IT Acquisition Added to 2015 GAO High Risk List


The Government Accountability Office’s (GAO) High Risk List is released every two years and details federal programs that “merit concern ‘due to their vulnerabilities to fraud, waste, abuse, and mismanagement or are most in need of broad reform. The High Risk List has documented more than $40 billion in financial benefits and 866 other improvements related to high-risk areas.’” The list was released in February 2015, and this year the GAO added Improving the Management of IT Acquisitions and Operations to the list.





So why did IT Acquisition make the list that no federal program wants to be on? According to the GAO, “Although the executive branch has undertaken numerous initiatives to better manage the more than $80 billion that is annual invested in information technology (IT), federal IT investments too frequently fail or incur cost overruns and schedule slippages while contributing little to mission-related outcomes.”


The GAO went on to list a number of instances in which the government has “spent billions of dollars on failed IT investments.” This includes:


The Department of Defense’s Expeditionary Combat Support System – Failed to deploy after 5 years and more than $1 billion.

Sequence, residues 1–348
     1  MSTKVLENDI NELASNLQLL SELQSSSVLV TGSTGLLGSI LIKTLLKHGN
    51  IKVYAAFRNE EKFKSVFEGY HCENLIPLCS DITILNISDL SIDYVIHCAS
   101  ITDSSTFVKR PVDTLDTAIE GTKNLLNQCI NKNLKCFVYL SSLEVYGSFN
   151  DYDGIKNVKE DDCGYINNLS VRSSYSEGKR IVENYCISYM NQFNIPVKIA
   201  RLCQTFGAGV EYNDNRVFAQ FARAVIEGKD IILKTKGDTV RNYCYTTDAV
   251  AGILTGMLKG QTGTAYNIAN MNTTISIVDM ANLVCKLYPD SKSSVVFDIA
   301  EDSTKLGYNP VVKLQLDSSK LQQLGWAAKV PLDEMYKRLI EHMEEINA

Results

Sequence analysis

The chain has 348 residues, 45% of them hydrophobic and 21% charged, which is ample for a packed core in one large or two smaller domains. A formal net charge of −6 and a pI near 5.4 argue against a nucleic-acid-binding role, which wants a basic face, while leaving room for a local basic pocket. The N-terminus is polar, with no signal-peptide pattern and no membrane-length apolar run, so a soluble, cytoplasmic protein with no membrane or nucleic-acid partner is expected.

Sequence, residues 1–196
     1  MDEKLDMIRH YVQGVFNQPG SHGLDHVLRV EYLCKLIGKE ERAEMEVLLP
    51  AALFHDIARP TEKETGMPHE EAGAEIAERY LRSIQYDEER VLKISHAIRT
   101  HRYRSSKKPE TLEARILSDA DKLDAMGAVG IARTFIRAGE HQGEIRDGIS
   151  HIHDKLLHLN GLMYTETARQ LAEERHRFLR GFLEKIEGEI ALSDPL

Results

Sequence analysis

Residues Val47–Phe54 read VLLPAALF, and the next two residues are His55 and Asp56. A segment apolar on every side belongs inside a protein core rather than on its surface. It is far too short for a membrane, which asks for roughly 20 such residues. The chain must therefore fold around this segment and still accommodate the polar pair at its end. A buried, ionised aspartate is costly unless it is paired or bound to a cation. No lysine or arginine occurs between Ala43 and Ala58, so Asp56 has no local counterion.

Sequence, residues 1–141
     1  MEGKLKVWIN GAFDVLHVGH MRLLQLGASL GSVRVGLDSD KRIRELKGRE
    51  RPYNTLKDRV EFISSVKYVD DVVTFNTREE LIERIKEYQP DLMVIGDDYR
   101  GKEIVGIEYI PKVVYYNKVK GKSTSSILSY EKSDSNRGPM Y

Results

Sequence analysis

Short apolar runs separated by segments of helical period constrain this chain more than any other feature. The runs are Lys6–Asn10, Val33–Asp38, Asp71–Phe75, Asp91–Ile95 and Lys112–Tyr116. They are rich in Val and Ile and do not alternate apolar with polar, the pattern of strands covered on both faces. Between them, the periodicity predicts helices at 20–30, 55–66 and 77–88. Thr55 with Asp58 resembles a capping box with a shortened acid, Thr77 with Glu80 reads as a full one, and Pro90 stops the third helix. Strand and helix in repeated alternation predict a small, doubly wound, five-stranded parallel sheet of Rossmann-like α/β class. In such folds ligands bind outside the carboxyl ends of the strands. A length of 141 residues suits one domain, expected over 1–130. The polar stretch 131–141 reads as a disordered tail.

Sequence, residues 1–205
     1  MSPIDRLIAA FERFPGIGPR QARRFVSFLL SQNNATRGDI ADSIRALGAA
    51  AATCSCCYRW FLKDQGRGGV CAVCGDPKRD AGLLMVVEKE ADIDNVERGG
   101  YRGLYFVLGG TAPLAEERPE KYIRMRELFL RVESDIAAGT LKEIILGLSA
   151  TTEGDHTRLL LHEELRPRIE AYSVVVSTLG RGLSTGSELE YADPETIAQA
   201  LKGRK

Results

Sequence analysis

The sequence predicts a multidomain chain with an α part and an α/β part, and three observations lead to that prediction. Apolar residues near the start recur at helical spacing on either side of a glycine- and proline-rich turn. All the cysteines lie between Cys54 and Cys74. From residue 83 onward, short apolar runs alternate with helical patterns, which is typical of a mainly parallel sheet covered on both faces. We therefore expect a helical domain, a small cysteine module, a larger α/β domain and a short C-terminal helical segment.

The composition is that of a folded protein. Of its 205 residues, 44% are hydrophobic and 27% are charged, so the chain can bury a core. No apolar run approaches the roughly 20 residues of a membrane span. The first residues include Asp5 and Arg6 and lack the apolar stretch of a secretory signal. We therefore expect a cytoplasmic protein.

The Department of Homeland Security’s Secure Border Initiative Network Program – Failed to deplou, more than $1 billion obligated.


A tri-agency weather satellite program – Terminated in 2010 after 16 years and $5 billion.


The GAO cited “a lack of disciplined and effective management, such as project planning, requirements definition, and program oversight and governance,” as reasons for the failed IT projects. It also cited the “big bang” approach, where projects are too broadly scoped and have a deployment date several years after initiation. “According to the Defense Science Board, this approach is often too long, ineffective, and unaccommodating of the rapid evolution of IT. Further, it is inconsistent with OMB guidance directing that IT investments delivery functionality in 6-month increments.” Only about 25% of investments selected by the GAO followed these OMB guidelines.


The GAO noted that while it had made “about 737” recommendations over the past 5 years concerning “shortcomings with IT acquisitions and operations…As of January 2015, about 23 percent of the 737 recommendations had been fully implemented.” The GAO also identified “nine critical factors underlying successful major acquisitions that support the objective of improving the management of large-scale IT acquisitions across the federal government.”


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